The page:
[T]he good news from Bernanke’s speech is that he argued that… there is empirical evidence showing that the previous rounds of quantitative easing had a modest stimulative effect. Bernanke maintains that quantitative easing has increased GDP by 3% and private payroll employment by 2 million jobs compared to a scenario with no QE…. Now for the bad news — the very bad news – which is that the arguments he makes for the effectiveness of QE show that Bernanke is totally clueless about how QE could be effective. If Bernanke thinks that QE can only work through the channels he discusses in his speech, then he might as well pack his bags and go back to Princeton…. He is useless, and his tenure has been waste of time.
Consider how Bernanke explains the way that the composition of the Fed’s balance sheet can affect economic activity.
In using the Federal Reserve’s balance sheet as a tool for achieving its mandated objectives of maximum employment and price stability, the FOMC has focused on the acquisition of longer-term securities–specifically, Treasury and agency securities…. Imperfect substitutability of assets implies that changes in the supplies of various assets available to private investors may affect the prices and yields of those assets…. Declining yields and rising asset prices ease overall financial conditions and stimulate economic activity through channels similar to those for conventional monetary policy.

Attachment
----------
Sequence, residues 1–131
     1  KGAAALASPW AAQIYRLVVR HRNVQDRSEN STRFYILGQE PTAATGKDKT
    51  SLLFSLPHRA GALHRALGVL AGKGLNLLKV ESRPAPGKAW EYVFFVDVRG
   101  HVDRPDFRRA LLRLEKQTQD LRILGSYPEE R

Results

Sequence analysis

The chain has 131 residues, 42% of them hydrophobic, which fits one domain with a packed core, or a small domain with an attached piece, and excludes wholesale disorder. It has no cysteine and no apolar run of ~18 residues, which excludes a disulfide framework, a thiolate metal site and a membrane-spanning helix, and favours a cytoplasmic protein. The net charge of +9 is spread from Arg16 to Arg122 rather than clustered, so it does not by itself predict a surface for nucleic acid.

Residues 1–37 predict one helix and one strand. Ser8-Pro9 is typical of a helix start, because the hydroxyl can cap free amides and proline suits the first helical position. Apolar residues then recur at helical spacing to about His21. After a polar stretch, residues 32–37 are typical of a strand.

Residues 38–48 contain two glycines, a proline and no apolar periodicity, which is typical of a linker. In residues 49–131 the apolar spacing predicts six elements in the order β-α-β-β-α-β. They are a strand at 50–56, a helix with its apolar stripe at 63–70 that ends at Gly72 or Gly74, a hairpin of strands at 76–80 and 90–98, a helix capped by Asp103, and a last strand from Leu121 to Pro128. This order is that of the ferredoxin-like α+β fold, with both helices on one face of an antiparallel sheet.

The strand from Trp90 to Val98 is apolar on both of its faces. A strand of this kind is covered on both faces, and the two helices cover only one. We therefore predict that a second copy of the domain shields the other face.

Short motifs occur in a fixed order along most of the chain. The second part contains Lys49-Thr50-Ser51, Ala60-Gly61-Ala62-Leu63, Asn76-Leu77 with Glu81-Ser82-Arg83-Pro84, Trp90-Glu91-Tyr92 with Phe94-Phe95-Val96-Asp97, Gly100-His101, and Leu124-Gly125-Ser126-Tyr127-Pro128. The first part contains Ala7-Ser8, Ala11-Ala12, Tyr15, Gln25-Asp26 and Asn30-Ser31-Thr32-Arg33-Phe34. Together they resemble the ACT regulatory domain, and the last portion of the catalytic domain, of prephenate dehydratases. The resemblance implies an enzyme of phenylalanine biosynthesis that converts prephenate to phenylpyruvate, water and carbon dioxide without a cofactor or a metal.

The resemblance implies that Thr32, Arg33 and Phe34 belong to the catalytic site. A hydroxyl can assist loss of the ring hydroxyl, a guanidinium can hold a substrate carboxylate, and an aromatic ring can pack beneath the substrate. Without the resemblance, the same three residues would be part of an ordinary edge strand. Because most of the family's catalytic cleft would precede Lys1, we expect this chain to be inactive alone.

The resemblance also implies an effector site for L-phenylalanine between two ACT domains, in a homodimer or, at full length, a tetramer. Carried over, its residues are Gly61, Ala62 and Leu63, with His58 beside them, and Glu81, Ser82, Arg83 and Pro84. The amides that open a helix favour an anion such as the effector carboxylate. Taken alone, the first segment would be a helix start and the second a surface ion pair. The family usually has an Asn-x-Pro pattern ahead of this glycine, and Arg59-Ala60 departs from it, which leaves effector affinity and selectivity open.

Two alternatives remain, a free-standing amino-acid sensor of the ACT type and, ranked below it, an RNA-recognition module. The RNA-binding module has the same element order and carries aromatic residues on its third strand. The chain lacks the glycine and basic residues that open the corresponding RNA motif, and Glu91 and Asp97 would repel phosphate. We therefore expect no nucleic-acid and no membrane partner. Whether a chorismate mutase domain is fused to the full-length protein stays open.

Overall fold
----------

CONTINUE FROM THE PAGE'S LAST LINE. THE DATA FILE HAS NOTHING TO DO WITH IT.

Bernanke seems to think that changing the amount of MBSs available to the public can alter their prices and change the shape of the yield curve. That is absurd. The long-term assets whose supply the Fed is controlling are but a tiny sliver of the overall stock of assets whose prices adjust to maintain overall capital market equilibrium Affecting the market for a particular group of assets in which it is trading actively cannot force all the other asset markets to adjust accordingly unless the Fed is able to affect either expectations of future real rates or future inflation rates. If the Fed has succeeded in driving down the yields on long term assets, it is because the Fed has driven down expectations of future inflation or has caused expectations of future real rates to fall….
Because he completely misunderstands how QE might have provided a stimulus to economic activity, Bernanke completely misreads the evidence on the effects of QE…. [T]he only way in which QE could have provided an economic stimulus was by increasing total spending (nominal GDP) which would have meant rising prices that would have called forth an increase in output. The combination of rising prices and rising output would have caused expected real yields and expected inflation to rise, thereby driving nominal interest rates up, not down. The success of QE would have been measured by the extent to which it would have produced rising, not falling, interest rates….
Bernanke views the risk of an unanchoring of inflation expectations as a major cost of undertaking QE. Nevertheless, he exudes self-satisfaction that the expansion of the Fed’s balance sheet over which he has presided “has not materially affected inflation expectations.” OMG! The only possible way by which QE could have provided any stimulus to the economy was precisely what Bernanke was trying to stop from happening. Has there ever been a more blatant admission of self-inflicted failure?